primary dysmenorrhea


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Related to primary dysmenorrhea: secondary dysmenorrhea

pri·mar·y dys·men·or·rhe·a

dysmenorrhea due to a functional disturbance and not due to inflammation, new growths, or anatomic factors.

primary dysmenorrhea

pri·mar·y dys·men·or·rhe·a

(prī'mar-ē dis-men'ŏr-ē'ă)
Lack of due to a functional disturbance and not due to inflammation, new growths, or anatomic factors.
Synonym(s): essential dysmenorrhea, functional dysmenorrhea, intrinsic dysmenorrhea.

Primary dysmenorrhea

Painful menstruation caused by inflammation, new growths, or anatomic factors.
Mentioned in: Cox-2 Inhibitors
References in periodicals archive ?
Even the American College of Obstetricians and Gynecologists (ACOG) seems to regard primary dysmenorrhea as normal.
Two clinical randomized trials showed that stretching exercises were effective in reducing pain intensity in primary dysmenorrhea.
They seem to accept dysmenorrhea as part of the physiological process of the transition between adolescence and adulthood, which reflects a lack of information about primary dysmenorrhea.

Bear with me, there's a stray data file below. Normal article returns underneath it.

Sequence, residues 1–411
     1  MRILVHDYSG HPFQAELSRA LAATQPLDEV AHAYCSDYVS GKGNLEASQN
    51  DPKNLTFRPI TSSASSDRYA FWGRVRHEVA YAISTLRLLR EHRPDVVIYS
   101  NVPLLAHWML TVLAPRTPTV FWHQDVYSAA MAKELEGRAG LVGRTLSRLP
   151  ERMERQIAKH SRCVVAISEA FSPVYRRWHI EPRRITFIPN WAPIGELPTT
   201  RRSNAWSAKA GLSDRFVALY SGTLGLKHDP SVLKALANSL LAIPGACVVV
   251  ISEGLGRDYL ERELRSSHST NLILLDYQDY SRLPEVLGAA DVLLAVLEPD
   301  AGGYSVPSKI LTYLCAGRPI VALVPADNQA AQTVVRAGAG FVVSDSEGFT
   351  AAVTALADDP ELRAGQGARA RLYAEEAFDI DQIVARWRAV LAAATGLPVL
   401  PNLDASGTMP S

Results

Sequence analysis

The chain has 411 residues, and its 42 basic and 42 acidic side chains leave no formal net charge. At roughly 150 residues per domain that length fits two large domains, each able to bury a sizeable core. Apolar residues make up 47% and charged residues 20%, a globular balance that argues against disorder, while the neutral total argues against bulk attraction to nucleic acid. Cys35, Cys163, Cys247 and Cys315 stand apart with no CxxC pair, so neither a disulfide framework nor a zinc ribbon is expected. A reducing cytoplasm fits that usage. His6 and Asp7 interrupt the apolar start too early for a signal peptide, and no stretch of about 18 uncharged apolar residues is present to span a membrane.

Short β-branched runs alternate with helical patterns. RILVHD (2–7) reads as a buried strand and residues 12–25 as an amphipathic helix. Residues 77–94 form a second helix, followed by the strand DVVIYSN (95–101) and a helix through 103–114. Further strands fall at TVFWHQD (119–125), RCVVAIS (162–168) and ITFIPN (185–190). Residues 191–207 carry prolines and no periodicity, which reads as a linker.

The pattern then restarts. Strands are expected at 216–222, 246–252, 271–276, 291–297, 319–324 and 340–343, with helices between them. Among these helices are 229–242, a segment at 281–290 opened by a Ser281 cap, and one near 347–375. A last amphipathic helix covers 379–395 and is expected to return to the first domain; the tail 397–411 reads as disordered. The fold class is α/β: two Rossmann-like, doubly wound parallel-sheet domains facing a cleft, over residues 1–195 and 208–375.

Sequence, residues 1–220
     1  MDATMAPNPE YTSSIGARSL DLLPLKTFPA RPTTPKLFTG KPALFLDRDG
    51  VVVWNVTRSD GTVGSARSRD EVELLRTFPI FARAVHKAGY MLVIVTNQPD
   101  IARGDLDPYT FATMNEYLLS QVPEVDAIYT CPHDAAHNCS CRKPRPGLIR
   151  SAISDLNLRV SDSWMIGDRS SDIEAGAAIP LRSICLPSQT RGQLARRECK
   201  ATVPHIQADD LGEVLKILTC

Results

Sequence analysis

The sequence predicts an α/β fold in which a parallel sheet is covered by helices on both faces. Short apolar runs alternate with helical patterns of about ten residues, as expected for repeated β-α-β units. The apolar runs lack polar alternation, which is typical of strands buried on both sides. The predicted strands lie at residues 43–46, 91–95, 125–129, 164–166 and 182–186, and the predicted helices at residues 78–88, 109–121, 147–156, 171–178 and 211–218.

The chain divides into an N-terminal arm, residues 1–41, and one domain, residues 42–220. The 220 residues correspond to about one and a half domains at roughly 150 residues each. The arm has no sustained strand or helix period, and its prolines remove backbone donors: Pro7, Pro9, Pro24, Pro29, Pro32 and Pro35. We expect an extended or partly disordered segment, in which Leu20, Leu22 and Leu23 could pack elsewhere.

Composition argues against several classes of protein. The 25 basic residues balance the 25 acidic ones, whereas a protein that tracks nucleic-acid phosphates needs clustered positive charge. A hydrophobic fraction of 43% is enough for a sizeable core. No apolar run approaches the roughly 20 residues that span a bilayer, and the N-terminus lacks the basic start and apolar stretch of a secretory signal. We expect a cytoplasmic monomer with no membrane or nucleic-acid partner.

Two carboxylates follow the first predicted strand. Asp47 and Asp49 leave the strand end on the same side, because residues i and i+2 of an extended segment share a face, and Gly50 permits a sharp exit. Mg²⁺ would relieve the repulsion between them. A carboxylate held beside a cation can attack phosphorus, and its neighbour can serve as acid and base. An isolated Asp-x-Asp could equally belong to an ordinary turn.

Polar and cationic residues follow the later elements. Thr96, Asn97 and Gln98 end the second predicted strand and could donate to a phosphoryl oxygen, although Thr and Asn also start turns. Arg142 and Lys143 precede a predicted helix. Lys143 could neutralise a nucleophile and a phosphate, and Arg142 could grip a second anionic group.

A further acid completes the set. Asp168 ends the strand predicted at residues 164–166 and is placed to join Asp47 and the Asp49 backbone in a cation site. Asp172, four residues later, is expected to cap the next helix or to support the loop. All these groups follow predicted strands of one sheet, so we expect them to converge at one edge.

The prevalence of primary dysmenorrhea has been reported to range from 42 to 95% in different countries (8-11).
Primary dysmenorrhea usually begins within the first six-to-twelve months after menarche when a regular ovulatory cycle has been established (5).
Therefore, the pain-relieving effect of TENS on primary dysmenorrhea is also to reduce muscle ischemia of the uterus through increased blood flow to the corresponding skin area.
Results: PG significantly inhibited the uterine contraction of the primary dysmenorrhea rat model (p < 0.
A previous study of our group revealed that the prevalence of primary dysmenorrhea in the adolescent population of Tbilisi, Georgia, is 51.
Treatment of pain due to primary dysmenorrhea which usually occurs 16-18 months after menarche in teens that begins 1-2 hours before menstrual flow and last 1-2 days is made possible through ginger's anti-spasmodic property (Hudson, 2003).
Prevalence of primary dysmenorrhea in young adult female university students.
The study was based on a sample of one hundred and twenty students with moderate or severe primary dysmenorrhea.